The Motor Vehicle and School Bus Safety Amendments of 1974 amended the National Traffic and Motor Vehicle Safety Act of 1966 to add Section 157, Exemption for Inconsequential Defect or Failure to Comply (the Safety Act was recodified in 1994 and the provisions of Section 157 were divided between Section 30118(d), regarding notice, and Section 30120(h), regarding remedy.The 1974 Amendments required manufacturers of motor vehicles and motor vehicle equipment to remedy noncompliances and safety-related defects without charge.The obligation was absolute and Section 157 was added as a means of relieving manufacturers of the need to notify and remedy where noncompliances, such as those involving labels, and defects were inconsequential as they related to motor vehicle safety.The legislative history clearly indicates that this was the purpose of the inconsequentiality provisions:

      This section [157] enables a manufacturer to apply to the Secretary for an exemption from the obligation to give notice with respect to, or to remedy, a motor vehicle or item of motor vehicle equipment, which contains a defect relating to motor vehicle safety or which fails to comply with an applicable Federal motor vehicle safety standard. * * * Your Committee believes that this provision is a reasonable corollary to the new statutory obligation for manufacturer to remedy without charge. [H. Rep. 93-1191. 93d Cong. 2d Sess. 31 (1974)]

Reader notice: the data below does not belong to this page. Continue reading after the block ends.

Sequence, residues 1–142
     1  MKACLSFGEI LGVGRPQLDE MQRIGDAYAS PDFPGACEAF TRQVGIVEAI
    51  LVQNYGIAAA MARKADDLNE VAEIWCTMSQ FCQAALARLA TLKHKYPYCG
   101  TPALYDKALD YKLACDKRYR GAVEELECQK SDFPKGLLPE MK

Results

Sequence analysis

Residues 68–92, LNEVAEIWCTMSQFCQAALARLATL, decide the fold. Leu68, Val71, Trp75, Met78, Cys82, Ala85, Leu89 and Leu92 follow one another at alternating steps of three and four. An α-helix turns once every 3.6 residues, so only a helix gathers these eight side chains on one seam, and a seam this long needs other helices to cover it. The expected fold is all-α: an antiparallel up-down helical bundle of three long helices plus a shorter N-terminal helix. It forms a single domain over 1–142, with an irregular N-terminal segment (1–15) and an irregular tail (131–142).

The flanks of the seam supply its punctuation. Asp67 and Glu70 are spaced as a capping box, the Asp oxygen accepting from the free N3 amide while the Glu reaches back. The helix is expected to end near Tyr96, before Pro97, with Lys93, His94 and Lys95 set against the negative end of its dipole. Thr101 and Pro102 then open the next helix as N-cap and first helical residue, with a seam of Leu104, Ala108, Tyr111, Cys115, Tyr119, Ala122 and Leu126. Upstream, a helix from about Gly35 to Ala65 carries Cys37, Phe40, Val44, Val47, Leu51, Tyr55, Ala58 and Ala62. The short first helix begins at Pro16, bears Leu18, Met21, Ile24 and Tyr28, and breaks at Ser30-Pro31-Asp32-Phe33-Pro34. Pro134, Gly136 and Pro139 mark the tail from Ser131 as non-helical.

We disagree with your analysis of Section 30112.Significantly, Section 157 referred only to relief from the notice and remedy provisions.It did not alter what is now Section 30112(a).Under Section 30112(a), sale of the noncomplying tires remains unlawful. We further read Section 30112 in context with Section 30165(a)(1).That section authorizes civil penalties for a person that violates Section 30112 (and other statutory provisions).TBC's importation of non-complying tires into the United States is a prima facie violation of Section 30112(a).However, if TBC can establish that, in the exercise of reasonable care, it did not know of the noncompliance at the time of importation, it will not be held to have violated Section 30112(a) for purposes of civil penalties.The existence of a reasonable care defense does not alter the fact that non-complying tires have been imported. If TBC then proceeds to engage in further violations of Section 30112(a), i.e., to "sell, offer for sale, introduce or deliver for introduction into interstate commerce" the defense of Section 30112(b)(2)(A) will no longer be available to it, and it will be liable for civil penalties under Section 30165.A determination that a noncompliance is inconsequential does not bring a noncompliant product into compliance, and such a determination is immaterial for purposes of knowing violations of Section 30112(a) (but an inconsequentiality determination would be relevant for the agency to weigh in determining the amount of a civil penalty for a violation of Section 30112(a), because the agency is required to consider the gravity of the violation that has occurred.See Section 30165(c)).

    For NHTSA to relieve a manufacturer of the obligation to notify owners, purchasers, and dealers when none of the noncomplying products have been delivered to them would be a meaningless exercise; under these circumstances the obligation does not arise in the first instance and the petition is moot. Similarly, the obligation to remedy under Section 30120 arises only when notification of a defect is required under Section 30118(c), and if this obligation is moot, so is the obligation to remedy.


    Jacqueline Glassman
    Chief Counsel